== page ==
11 Jun 2020

Police now say Armed Response Teams never fired a sponge bullet

4:39 pm on 11 June 2020

Police have done a U-turn and now say Armed Response Teams never fired a sponge bullet.

A sponge round and launcher.

A sponge round and launcher. Photo: NZ POLICE

The bullets are large rounds of dense, blunt material designed not to penetrate skin. They are fired from a gas launcher with a range of about 30m.

They have been used by United States police against Black Lives Matter protesters, causing serious injuries.

The weapons have been available to armed offenders squads and special tactical units since 2015.

On Wednesday, on RNZ's Morning Report Police Commissioner Andrew Coster cited the use of sponge round weapons during the trial of Armed Response Teams (ARTs) as an example of a "less-lethal option" the police used to de-escalate situations.

The ARTs were mobile armed police teams that were fiercely criticised for poor record keeping, a lack of community consultation, and that they would disproportionately target Māori and Pasifika communities, a concern which proved accurate.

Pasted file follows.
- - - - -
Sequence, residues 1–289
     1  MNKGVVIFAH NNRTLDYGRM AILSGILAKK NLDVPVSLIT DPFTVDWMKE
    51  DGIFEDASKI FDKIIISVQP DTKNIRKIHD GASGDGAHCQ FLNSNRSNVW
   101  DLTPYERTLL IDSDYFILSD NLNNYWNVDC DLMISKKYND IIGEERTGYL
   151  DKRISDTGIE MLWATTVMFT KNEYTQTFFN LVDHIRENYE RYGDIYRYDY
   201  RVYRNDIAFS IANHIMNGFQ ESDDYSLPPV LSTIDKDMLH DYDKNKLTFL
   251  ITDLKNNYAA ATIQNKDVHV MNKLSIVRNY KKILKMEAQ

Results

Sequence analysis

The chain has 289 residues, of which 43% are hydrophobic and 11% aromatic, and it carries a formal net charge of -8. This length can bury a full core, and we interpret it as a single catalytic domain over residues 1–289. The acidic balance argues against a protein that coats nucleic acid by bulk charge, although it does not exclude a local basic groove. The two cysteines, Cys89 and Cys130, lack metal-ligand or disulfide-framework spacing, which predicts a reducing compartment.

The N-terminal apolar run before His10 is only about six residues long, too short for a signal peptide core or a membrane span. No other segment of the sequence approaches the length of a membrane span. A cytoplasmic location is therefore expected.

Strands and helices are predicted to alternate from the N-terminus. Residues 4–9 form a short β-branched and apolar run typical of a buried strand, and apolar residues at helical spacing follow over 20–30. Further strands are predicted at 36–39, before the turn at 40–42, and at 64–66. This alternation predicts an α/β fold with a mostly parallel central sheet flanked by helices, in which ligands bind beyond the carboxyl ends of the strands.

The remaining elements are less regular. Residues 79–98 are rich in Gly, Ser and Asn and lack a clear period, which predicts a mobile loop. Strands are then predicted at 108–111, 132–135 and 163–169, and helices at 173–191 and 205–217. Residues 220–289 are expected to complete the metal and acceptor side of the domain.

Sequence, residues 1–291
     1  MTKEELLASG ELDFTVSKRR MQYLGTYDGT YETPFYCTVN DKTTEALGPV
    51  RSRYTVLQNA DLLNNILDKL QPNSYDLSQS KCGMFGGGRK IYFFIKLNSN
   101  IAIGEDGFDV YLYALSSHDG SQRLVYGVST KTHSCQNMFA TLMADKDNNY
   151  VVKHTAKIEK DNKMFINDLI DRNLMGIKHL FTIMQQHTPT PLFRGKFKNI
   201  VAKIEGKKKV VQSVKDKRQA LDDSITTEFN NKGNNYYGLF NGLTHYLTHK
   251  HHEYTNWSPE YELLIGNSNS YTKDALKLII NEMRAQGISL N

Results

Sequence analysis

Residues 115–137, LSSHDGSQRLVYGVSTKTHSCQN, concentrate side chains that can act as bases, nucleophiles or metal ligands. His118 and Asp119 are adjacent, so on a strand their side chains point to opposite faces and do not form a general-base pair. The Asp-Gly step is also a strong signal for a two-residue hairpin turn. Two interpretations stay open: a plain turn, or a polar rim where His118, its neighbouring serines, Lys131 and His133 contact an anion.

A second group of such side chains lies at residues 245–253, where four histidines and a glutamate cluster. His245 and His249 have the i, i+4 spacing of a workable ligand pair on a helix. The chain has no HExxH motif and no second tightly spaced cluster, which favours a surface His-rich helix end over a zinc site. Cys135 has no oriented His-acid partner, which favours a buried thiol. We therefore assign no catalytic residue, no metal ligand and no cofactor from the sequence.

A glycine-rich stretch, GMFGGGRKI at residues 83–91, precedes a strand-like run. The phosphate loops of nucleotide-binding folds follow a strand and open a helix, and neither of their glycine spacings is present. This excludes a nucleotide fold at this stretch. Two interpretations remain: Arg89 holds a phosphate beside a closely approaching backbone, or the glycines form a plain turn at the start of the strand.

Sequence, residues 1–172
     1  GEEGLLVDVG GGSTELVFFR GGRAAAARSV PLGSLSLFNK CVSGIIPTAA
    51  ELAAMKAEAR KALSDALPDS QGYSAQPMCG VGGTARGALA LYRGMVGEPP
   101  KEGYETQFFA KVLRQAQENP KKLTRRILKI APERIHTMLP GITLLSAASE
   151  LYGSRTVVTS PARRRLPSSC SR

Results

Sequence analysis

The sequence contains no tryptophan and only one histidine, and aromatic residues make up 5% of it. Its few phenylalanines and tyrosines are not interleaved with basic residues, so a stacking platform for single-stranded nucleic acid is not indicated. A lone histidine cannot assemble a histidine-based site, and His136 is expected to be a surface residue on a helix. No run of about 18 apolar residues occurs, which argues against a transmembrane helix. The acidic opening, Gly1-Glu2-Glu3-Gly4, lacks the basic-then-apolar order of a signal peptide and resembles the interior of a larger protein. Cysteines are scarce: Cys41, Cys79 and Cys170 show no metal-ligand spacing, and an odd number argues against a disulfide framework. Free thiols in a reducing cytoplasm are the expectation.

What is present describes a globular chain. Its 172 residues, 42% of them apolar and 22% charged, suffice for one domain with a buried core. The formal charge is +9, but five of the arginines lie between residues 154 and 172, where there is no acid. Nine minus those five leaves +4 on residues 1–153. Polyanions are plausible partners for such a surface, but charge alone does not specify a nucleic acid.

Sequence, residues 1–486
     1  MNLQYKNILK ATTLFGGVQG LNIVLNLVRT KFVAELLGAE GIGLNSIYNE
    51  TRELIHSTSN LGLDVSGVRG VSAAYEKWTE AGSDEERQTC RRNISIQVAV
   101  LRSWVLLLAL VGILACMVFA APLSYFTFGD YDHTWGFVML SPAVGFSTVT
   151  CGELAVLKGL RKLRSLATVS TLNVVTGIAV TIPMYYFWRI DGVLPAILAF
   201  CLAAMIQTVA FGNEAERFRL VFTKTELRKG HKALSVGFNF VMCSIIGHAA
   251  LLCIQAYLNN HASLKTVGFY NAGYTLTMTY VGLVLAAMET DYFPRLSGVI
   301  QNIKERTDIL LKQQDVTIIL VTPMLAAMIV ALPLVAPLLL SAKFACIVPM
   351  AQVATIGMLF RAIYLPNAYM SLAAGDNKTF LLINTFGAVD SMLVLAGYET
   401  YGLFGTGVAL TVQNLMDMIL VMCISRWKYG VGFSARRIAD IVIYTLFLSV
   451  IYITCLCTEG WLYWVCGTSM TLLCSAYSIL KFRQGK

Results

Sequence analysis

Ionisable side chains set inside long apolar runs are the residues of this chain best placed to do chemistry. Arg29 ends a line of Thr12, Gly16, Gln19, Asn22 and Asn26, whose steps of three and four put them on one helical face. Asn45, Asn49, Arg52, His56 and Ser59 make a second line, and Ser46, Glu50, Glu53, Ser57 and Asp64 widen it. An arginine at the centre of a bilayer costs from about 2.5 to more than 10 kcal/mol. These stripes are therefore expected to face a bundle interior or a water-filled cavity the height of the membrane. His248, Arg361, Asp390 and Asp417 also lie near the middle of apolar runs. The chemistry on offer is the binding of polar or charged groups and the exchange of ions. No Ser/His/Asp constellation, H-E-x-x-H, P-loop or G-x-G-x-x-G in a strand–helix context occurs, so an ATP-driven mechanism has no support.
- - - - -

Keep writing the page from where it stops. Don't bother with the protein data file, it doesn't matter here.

Coster was appearing on Morning Report yesterday to discuss his decision the previous day to axe the teams.

RNZ then asked police to clarify if Coster's comments about the sponge rounds was an indication police intended to roll the weapons out more widely.

Police said in a statement the rounds were an option that "will be considered as part of the work being undertaken into our broad tactical capability".

Today on Morning Report, Coster clarified there were no plans to widen the use of the weapons.

He said "his understanding" was the weapons were used during the trial of the roving armed police units.

Police Commissioner Andrew Coster.

Andrew Coster Photo: Pool / NZME

However, this afternoon he clarified that they were in fact not used.

Coster said the weapons had been used in 14 incidents in total since they were rolled out, and he could not see them ever being used for crowd control.

The police have 40 launchers nationwide, he said.

There are 20 armed offenders squads in New Zealand.

Coster said there were "no immediate plans" for frontline police to use the weapons and any such change would go out for public consultation.

He said recent uses of the weapons involved people who were either trying to harm themselves or police officers with knives.

"The use of sponge rounds in these instances has likely prevented people from being seriously injured or killed."

He said the vast majority of serious incidents that police attended every year were resolved without needing to use firearms, sponge rounds, tasers or pepper spray.